The End Child Poverty coalition, which commissioned the research Local Indicators of Child Poverty 2017/18, is calling for the government to tackle the issue with a child poverty reduction strategy to reverse cuts and increase investment in children's services.
Researchers at the Centre for Research in Social Policy at Loughborough University estimated the rates based on local data including unemployment levels and the number of families on tax credits.
The study found that Bastwell and Audley in Blackburn were among areas with the highest percentage of children in poverty after housing costs, with 69.9 per cent and 68.8 per cent respectively.
Parts of north and east London are facing the highest rates of child poverty after housing costs are taken into account, with Tower Hamlets at 56.7 per cent, Newham at 51.8 per cent, Hackney at 48.1 per cent, and Islington at 47.5 per cent.
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Children are considered to be growing up in poverty if they live in a household where the income is below 60 per cent of the median income.
For families with one child under 14, this equates to £16,400 a year after housing costs such as rent, mortgage interest payments and service charges are paid.
Other areas in the north of England with high child poverty rates are Blackburn with Darwen (46.9 per cent), Pendle (44.7 per cent) and Manchester (45.4 per cent) - double the UK average of 22 per cent.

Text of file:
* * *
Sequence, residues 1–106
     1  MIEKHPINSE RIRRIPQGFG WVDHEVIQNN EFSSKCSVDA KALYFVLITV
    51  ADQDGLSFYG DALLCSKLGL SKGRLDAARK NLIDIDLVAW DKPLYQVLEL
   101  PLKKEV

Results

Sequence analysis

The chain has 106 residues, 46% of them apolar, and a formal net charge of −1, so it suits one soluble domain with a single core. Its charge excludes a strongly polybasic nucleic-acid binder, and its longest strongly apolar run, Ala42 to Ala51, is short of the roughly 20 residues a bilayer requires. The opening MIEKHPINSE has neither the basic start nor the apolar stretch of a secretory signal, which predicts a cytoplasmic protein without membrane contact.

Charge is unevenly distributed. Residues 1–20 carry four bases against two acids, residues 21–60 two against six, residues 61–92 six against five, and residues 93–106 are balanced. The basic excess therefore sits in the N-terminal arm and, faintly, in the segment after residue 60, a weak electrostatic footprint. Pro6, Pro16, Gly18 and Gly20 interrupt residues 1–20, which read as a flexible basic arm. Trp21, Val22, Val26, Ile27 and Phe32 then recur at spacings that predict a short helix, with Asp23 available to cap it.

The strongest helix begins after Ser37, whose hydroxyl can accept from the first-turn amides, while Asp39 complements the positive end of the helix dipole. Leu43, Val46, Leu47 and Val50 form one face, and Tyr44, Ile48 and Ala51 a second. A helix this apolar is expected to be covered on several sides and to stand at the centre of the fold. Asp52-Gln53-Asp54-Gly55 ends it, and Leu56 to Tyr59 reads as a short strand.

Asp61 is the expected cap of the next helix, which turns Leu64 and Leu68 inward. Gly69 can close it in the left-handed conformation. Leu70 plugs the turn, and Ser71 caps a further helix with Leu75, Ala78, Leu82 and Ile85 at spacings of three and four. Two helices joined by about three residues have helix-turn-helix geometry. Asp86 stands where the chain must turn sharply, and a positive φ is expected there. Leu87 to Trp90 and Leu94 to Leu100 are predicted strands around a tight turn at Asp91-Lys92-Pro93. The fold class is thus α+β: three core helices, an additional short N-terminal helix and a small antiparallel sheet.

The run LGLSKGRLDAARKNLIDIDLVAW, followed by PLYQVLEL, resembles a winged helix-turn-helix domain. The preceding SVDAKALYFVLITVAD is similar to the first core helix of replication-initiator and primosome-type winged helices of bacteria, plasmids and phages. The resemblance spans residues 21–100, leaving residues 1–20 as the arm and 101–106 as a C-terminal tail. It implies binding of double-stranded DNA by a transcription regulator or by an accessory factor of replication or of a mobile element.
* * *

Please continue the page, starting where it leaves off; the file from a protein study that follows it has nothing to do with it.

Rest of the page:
Already impoverished areas have also seen the greatest rises in child poverty - with half a million more children affected today than at the start of the decade, the analysis finds.
The proportion of unemployed claimants living in 10 per cent of the worst-hit areas was 21.4 per cent in 2013, rising to 23.4 per cent in 2019.
Figures for the period 2016 to 2018 showed more children lived in the 10 per cent of local authorities where child poverty was worst.
Some 16.9 per cent of children lived in these most deprived 10 per cent of local authorities, up from 14.9 per cent the previous year.
Among the coalition's calls are for the government to end its two-child limit on child allowances in tax credits and Universal Credit and to reform Universal Credit.
Anna Feuchtwang, chair of the coalition, formed of more than 70 organisations including charities, faith groups and trade unions, said the income of less well-off families had been hit by cuts in benefits and higher housing costs.
"We know that work alone does not guarantee a route out of poverty, with two-thirds of child poverty occurring in working families," she said.
Feuchtwang said: "We know what causes child poverty and we know how to end it.
"Yet in many areas, growing up in poverty is the new normal, with more children expected to get swept up in poverty in the coming years, with serious consequences for their life chances.
"The government's own data shows that child poverty in the UK has been rising steadily in recent years.
"Policymakers can no longer deny the depth of the problem or abandon entire areas to rising poverty."